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Friday, 6 August 1926


Senator PEARCE (Western AustraliaVicePresident of the Executive Council) . - In the first place, I wish to inform the Senate that as the time which it was intended to devote to the discussion of the agenda-paper of the Imperial Con:ference has been taken up in dealing with this motion, no further opportunity for that debate will be available. I have but a few observations to make concerning the statements that have been made on five or six occasions concerning the land policy and building conditions at Canberra. In the first place Senator Grant said that certain lessees of land at Canberra were willing to sell their leases. Is there anything strange in that? Is it not reasonable for a lessee to dispose of his lease if he can do so at a profit? How can that be prevented ?


Senator Grant - By re-appraisement at shorter periods.


Senator PEARCE - As I did not interrupt the honorable senator when he was speaking he should extend the same consideration to me. Queensland pastoralleases, which are under the control of the Labour Government, are being sold to-day at tremendous profits.


Senator Grant - I rise to order. I submit that in discussing a motion relating to building sites at Canberra, the Minister (Senator Pearce) is not in order in referring to pastoral leases in Queensland.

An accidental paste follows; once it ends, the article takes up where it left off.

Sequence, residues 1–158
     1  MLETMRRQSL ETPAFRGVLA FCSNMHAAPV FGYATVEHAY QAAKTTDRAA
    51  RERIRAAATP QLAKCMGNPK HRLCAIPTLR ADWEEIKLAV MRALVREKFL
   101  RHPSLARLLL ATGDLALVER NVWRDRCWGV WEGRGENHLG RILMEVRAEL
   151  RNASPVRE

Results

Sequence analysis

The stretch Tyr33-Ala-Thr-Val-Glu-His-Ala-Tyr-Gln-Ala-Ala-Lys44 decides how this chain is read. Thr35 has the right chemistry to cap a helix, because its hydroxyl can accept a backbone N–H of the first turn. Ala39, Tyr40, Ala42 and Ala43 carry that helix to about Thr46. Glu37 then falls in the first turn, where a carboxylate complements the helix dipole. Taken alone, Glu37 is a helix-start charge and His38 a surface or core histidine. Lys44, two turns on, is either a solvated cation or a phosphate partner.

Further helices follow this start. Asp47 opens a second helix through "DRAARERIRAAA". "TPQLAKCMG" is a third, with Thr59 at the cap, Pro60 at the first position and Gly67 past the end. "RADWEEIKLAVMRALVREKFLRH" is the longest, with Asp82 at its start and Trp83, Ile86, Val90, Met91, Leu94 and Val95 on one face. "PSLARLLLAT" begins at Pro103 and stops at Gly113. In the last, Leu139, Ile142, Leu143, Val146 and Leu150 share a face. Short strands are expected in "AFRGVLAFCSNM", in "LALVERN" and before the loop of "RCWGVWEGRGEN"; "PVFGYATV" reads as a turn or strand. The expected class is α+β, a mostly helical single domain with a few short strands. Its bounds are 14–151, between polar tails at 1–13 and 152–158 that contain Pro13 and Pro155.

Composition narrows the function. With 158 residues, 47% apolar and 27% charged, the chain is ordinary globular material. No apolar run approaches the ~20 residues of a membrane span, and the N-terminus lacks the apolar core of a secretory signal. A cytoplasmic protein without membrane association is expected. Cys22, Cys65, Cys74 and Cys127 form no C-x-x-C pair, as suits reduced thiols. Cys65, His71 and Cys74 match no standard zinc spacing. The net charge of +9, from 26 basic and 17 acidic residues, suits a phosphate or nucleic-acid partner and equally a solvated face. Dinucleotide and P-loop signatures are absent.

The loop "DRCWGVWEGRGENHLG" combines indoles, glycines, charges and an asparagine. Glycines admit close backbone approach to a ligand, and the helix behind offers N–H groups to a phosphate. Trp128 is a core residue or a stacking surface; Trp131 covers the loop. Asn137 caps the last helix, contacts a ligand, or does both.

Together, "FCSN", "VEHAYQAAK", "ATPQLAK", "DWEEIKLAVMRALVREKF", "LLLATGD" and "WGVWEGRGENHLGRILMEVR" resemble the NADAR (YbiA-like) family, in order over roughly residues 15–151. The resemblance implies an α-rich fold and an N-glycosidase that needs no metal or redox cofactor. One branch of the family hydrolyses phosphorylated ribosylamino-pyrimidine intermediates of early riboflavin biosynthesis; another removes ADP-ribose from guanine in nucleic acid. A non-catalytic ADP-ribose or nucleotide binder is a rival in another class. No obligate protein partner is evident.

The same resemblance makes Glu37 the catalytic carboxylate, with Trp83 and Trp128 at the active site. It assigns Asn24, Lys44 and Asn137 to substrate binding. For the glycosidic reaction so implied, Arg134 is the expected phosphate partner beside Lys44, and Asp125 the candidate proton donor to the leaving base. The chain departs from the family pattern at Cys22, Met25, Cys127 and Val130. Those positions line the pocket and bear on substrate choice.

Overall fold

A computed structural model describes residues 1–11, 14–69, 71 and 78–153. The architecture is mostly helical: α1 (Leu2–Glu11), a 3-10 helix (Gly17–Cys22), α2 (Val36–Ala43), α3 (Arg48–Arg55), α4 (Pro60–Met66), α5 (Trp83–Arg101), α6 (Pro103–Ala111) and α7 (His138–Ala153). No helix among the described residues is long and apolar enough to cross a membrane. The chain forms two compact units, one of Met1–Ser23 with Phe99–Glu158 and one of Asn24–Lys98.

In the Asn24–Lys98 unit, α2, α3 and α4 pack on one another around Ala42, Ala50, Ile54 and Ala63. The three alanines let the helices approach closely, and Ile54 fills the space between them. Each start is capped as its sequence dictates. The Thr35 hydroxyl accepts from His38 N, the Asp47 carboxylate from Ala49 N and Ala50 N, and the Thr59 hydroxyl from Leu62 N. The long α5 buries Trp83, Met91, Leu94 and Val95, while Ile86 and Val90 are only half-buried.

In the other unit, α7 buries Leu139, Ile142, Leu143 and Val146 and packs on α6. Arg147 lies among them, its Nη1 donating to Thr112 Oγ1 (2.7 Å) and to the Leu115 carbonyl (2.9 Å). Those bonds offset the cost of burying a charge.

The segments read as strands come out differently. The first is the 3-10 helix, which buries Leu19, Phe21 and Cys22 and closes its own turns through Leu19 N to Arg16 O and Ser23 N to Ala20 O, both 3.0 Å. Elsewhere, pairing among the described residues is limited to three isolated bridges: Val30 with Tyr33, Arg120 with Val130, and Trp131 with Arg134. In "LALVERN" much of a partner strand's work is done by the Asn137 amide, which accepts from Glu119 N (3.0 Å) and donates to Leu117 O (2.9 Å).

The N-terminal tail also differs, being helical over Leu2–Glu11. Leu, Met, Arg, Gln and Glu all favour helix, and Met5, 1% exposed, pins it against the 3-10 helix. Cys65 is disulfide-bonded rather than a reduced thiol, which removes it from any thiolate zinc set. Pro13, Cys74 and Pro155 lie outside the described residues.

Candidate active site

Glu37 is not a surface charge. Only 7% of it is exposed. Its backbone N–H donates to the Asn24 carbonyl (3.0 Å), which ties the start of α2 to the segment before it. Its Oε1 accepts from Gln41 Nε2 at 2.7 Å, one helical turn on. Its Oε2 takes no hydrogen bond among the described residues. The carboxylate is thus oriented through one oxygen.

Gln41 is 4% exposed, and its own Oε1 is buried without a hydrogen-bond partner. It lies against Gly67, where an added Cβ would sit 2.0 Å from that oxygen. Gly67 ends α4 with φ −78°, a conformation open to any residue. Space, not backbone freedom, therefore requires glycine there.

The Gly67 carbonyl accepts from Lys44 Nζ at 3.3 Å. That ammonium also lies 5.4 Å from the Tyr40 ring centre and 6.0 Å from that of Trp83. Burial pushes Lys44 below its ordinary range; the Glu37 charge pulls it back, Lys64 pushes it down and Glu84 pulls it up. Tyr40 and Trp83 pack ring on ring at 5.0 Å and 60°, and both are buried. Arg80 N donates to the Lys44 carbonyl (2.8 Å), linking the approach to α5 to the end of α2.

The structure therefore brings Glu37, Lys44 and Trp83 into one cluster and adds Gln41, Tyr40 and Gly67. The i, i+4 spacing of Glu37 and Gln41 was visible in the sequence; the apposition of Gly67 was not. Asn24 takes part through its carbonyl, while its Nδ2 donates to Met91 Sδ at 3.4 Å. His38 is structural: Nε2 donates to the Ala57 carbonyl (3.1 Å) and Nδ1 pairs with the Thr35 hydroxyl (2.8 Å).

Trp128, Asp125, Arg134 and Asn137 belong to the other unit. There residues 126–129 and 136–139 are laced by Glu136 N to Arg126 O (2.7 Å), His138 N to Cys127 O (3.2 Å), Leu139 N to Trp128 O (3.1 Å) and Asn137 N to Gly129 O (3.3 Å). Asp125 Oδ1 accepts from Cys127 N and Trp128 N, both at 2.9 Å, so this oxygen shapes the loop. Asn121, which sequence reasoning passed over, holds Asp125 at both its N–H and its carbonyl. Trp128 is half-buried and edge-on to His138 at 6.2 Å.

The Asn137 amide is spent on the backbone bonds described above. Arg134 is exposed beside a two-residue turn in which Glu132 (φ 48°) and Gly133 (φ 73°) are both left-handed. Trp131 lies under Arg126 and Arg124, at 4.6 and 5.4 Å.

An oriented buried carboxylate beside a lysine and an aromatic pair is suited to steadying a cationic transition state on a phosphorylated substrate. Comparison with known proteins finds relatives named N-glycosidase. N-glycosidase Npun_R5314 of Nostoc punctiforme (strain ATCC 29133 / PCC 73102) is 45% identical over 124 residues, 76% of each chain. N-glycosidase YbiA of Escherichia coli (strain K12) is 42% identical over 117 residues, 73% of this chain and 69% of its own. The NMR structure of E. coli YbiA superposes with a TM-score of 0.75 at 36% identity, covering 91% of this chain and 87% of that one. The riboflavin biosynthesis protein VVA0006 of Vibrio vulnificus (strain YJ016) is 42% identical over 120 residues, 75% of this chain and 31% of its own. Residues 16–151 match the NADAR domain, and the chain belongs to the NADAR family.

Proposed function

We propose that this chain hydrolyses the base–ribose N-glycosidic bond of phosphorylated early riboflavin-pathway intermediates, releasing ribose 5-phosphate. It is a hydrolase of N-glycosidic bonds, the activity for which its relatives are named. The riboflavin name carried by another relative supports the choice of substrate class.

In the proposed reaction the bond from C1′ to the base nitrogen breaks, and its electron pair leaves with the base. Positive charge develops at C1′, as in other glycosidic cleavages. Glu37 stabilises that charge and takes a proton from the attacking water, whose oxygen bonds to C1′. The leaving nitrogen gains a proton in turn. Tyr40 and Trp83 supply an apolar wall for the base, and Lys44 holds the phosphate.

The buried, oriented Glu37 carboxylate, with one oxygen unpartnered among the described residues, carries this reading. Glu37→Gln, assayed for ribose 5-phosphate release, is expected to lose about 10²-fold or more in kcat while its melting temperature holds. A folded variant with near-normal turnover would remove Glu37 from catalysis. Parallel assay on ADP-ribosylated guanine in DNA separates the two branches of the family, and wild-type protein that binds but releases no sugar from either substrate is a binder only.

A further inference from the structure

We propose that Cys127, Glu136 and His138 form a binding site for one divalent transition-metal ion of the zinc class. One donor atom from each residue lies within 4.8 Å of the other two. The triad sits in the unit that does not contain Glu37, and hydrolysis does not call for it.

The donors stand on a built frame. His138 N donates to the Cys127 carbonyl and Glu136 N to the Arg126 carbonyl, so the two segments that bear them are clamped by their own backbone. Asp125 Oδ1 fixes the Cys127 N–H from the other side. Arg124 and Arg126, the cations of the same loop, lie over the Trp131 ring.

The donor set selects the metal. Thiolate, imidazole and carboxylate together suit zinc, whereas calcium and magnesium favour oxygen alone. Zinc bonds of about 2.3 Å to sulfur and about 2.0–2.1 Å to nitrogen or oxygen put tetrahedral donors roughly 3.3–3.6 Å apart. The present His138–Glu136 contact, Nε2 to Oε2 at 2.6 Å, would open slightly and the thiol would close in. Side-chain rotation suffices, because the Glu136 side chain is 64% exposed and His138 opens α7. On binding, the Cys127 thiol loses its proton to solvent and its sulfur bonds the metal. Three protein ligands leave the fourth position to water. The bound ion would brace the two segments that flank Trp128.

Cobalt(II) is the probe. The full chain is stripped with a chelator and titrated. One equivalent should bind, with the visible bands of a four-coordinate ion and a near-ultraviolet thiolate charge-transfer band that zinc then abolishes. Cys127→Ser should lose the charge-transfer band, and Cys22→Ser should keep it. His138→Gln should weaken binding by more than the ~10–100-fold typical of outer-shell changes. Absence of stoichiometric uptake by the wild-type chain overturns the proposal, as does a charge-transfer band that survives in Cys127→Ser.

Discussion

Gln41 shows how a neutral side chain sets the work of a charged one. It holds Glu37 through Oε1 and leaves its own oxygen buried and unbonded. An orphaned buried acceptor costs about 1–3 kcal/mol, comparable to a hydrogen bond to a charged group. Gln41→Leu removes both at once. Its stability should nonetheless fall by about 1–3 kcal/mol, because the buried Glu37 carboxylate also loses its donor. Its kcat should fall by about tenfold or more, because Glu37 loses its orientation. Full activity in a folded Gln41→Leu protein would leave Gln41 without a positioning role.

The PRESIDENT (Senator the Hon J Newlands - The Minister is quite in order in referring to Queensland leases by way of illustration.


Senator Grant - I was not allowed to refer by way of illustration to such matters


The PRESIDENT - The honorable senator was allowed the privileges to which he is entitled under the Standing Orders. The Minister will not be allowed more than that.


Senator PEARCE - There is only one point upon which Senator Grant and Senator Elliott are in agreement. They want a free selection of business sites. They suggest that the whole of the land at Canberra should be thrown on the market at once, and that the public should be allowed to make their selection at the upset prices. What would happen if that were done ? Such a policy would play right into the hands of the land speculators.


Senator Grant - Why?


Senator PEARCE - Every business site available would be purchased by land speculators to-morrow if the opportunity offered. It would be playing right into the hands of speculators. All the abuses which Senator Elliott and Senator Grant are alleging against the existing system would then apply over the whole area, and the result would be that the increased values given to land by reason of the expenditure of public moneys there would benefit private speculators instead of the commission.


Senator Ogden - But those who acquire the leases have to build within a certain time.


Senator PEARCE - We have at Manly, near Sydney, a striking illustration of the results which would follow the adoption of such a system as Senator Elliott suggests. In one of the best streets in Manly, where the land was. all thrown open, there is a block thathas remained vacant for many years. A few years ago it was worth. £5 or £6 a foot, but to-day, I am informed, it is worth £35 a foot. That block is heldby a private speculator. Who is this private speculator ? I am informed that it is Senator Grant. If the system which he suggests were in operation in Canberra, land would remain unoccupied for many years, but under the present policy all the land thatis leased must be built on within a specified time.


Senator Grant - I rise to order. I should like to know, Mr. President, if the Minister is in order in quoting land values at Manly?


The PRESIDENT (Senator the Hon J Newlands - I have already given a ruling on a similar point.